Have nothing in your house that you do not know to be useful, or believe to be beautiful.’ So William Morris famously wrote more than a century ago, opening out a tension between function and aesthetics that endures to this day. Art has long since abdicated responsibility for, or even interest in, beauty (unless with heavy dollops of irony), leaving design and fashion to step into the breach.
On the whole, designers shy away from presenting themselves as stylists and beautifiers, preferring to be seen as problem-solvers. Often, by sleight of hand, the founding mantra of Modernist design – that form should follow function – is inverted by making beauty the function. In any case, in the contemporary lexicon of praise, beauty finds itself in competition with other notions such as novelty, authenticity and uniqueness.
If beauty is something that we’re slightly awkward around, it remains highly relevant. And it’s an issue that is thrown into sharp relief by two major shows in London/ Future Beauty at the Barbican, looking at Japanese fashion of the past 30 years, which opened on 15 October; and The Cult of Beauty at the Victoria & Albert Museum, a major exhibition dedicated to 19th-century Aestheticism, which opens in April next year.
What makes the V&A’s show particularly interesting is that it is an archaeology of itself – documenting the rise of a certain view about the aesthetics of everyday objects that sprang up in the last three decades of the 19th century in Kensington and Chelsea in London. During this era, the extravagance of James Abbott McNeill Whistler’s Peacock Room or Lord Leighton’s house was quickly transferred to the mainstream and copied for a variety of objects sold by retailers such as Liberty, which happens to be a sponsor of the show.
Stephen Calloway, who is enthusiastically co-curating the show with a colleague from the Fine Arts Museum of San Francisco, freely admits that the exhibition is steering away from the Socialist, utopian aspects of Morris-influenced design to focus on more commercial aspects. ’Aestheticism is, in a way, the first lifestyle movement,’ he says.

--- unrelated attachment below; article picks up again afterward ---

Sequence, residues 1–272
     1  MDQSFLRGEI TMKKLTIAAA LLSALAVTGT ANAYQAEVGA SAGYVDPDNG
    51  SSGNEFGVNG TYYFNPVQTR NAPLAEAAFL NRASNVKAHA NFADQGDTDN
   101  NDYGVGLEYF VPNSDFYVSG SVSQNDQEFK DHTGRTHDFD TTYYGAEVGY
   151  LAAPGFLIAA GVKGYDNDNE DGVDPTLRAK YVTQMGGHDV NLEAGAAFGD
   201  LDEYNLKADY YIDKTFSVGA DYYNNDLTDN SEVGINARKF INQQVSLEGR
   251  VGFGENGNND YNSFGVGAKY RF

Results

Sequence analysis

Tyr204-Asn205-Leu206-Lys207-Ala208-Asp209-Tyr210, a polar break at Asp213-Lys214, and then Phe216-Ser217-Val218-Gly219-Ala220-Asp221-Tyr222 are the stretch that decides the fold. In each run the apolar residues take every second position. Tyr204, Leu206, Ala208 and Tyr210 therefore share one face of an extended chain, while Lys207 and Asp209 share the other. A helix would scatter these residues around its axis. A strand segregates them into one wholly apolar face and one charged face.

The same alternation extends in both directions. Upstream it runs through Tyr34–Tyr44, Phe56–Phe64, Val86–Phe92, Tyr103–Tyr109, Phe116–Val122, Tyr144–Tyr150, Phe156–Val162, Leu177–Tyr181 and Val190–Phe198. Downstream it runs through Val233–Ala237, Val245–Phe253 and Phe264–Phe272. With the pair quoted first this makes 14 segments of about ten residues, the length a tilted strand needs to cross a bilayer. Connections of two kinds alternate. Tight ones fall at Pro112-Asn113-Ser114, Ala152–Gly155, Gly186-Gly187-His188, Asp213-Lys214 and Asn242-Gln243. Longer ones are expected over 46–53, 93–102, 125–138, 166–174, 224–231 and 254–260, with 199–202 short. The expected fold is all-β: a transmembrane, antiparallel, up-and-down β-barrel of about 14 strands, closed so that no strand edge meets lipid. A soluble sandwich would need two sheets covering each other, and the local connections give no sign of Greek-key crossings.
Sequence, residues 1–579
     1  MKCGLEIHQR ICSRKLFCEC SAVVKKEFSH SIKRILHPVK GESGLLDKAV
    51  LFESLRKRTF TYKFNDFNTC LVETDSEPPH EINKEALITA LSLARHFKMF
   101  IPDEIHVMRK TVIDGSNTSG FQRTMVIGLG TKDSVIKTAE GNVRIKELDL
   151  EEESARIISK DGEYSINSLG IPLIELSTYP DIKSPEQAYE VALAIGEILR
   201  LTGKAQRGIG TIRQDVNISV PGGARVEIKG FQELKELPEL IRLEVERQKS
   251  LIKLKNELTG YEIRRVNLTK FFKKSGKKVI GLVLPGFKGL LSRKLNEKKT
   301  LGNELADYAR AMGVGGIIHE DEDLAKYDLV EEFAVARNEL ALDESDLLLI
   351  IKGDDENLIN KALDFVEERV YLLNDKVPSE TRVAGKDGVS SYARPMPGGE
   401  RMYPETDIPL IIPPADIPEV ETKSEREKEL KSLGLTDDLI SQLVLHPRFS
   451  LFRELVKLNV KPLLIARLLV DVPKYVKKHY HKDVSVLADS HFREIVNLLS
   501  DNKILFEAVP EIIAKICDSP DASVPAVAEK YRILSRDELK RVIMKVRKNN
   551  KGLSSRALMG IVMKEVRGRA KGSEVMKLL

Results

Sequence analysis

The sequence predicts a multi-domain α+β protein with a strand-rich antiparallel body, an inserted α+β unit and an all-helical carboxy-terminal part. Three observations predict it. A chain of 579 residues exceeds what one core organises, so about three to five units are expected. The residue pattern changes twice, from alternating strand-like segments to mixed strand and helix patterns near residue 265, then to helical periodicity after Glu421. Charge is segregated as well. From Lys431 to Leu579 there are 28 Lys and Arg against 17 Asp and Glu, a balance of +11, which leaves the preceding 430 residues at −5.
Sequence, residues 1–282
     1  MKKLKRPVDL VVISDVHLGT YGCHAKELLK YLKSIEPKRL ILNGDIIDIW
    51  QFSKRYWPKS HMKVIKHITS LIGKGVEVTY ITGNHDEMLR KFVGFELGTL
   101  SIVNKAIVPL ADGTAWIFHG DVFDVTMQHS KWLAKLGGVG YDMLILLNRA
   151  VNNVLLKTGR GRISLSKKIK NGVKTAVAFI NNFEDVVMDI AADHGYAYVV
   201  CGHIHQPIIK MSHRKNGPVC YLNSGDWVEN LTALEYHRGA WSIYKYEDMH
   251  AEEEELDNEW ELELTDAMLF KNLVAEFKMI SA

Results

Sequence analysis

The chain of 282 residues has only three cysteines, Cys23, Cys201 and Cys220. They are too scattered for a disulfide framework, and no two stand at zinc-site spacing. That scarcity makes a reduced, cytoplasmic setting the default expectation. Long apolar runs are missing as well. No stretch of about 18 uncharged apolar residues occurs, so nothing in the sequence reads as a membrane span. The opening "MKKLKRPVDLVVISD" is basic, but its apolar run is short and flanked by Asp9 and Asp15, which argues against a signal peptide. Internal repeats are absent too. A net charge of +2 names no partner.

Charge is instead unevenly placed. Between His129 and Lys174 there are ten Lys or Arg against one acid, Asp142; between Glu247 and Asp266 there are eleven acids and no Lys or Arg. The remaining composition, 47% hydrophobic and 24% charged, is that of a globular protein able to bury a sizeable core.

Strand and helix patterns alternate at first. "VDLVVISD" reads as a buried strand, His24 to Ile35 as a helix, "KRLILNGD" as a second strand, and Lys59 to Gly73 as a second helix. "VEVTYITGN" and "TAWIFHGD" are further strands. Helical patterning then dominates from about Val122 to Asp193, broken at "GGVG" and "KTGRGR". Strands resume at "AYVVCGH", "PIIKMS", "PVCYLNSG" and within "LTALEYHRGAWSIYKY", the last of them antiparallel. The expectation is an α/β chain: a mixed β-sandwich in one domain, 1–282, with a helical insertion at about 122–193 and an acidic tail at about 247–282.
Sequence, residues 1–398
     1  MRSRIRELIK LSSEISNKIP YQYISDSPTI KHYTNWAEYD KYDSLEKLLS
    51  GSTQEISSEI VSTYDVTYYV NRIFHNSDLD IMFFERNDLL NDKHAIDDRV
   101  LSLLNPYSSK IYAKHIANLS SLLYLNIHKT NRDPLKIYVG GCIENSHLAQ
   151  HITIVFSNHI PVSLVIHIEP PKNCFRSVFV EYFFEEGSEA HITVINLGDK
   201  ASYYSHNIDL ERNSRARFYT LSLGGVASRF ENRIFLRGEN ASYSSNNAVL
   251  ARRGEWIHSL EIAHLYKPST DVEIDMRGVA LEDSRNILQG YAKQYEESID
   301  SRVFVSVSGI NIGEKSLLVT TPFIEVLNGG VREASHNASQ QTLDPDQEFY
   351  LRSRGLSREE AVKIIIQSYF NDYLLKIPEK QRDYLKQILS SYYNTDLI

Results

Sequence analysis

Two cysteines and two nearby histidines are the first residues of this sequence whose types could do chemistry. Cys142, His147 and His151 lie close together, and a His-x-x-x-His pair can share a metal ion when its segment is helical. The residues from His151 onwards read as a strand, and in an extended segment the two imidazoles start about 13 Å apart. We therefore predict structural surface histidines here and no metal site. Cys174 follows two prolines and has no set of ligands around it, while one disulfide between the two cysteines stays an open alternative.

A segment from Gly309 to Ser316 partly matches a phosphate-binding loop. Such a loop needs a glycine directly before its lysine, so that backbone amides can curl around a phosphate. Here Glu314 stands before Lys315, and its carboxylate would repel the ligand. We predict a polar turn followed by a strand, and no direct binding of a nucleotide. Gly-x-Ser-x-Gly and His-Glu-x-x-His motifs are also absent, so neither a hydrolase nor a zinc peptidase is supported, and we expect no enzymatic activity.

’Manufacturers of wallpapers actively sought out Aesthetic designers – it’s a moment of transition from the old world, where manufacturers had their own style, to thinking “We should be doing some of this”,’ continues Calloway. Easy reproduction of images allowed a burgeoning of magazines about the ’home beautiful’ in the 1880s, and a selection will be included in the show.
V&A Museum director Sir Mark Jones suggests that ’the ideas proposed by the Aesthetic movement are current again today’. Indeed they are. This is evident to even the most casual observer strolling around Kensington, Knightsbridge and Chelsea, even if the current peacock-like obsession with luxury and superficial beauty has little of the originality or range of reference of 19th-century Aestheticism.
Another interesting tension inherent in the notion of beauty, and one grappled with by the greatest thinkers of our culture, including Kant, is whether beauty is absolute or subject to the vagaries of taste and accident. The opening up of Japan in the mid-19th century challenged Western aesthetic notions and had a profound impact on painters and designers. Calloway points out some of the lesser-known ideas, such as of Japan as a quaint, untouched and self-contained medieval culture. In reality, Japan’s radically different aesthetic, comprised of fleeting, incomplete or asymmetric elements informed by a Buddhist mindset, had a wide-ranging influence on the West and shifted perceptions of what was considered beautiful. For instance, the V&A will present a Japanese vase decorated with cranes that was shown at the Great Exposition of 1862 and immediately acquired by the V&A. Its designs were directly copied by furniture makers of the day, and pared-down furniture from Japan was also massively influential.
A century later came another aesthetic jolt from Japan – that of Japanese fashion design in the 1980s – which continues to be felt. ’The designers were challenging conventions of beauty, and were very shocking at the time,’ says Catherine Ince, one of the curators of the Barbican’s show.
Instead of the colourful exotic bird designs of the 19th century, everything was uniformly black – or ’designer black’, now a default choice. What was once the garb of the Punk-like karasu zoku, or crow gang, who dressed all in black, was elevated to a highly refined and exclusive style.
Its propagators transcend the normal dividing lines of design. Yohji Yamamoto says he hates fashion, while Issey Miyake refers to himself as a designer rather than a fashion designer. Rei Kawakubo, founder of Comme des Garcons and one of the most influential of all creative figures alive today, has compared herself to an architect taking in the bigger picture, of being able to take in all elements of experience.
Yet for all their undoubted conceptual and formal innovation, these designers do, like the aesthetes of the 19th century, ask some very difficult questions about the role of design in our society today, and to what extent it can really differentiate itself from fashion.
Future Beauty: 30 Years of Japanese Fashion runs until 6 February 2011 at the Barbican, London EC2.
The Cult of Beauty: The Aesthetic Movement 1860-1900 runs from 2 April to 17 July 2011 at the Victoria & Albert Museum, London SW7